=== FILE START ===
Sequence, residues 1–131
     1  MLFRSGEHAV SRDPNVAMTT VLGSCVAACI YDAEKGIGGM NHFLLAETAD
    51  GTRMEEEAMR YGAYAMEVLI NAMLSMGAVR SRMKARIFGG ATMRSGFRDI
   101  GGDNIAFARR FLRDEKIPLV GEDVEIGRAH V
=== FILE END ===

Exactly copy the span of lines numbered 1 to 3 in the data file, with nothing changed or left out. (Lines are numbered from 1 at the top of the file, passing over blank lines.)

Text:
Sequence, residues 1–131
     1  MLFRSGEHAV SRDPNVAMTT VLGSCVAACI YDAEKGIGGM NHFLLAETAD
    51  GTRMEEEAMR YGAYAMEVLI NAMLSMGAVR SRMKARIFGG ATMRSGFRDI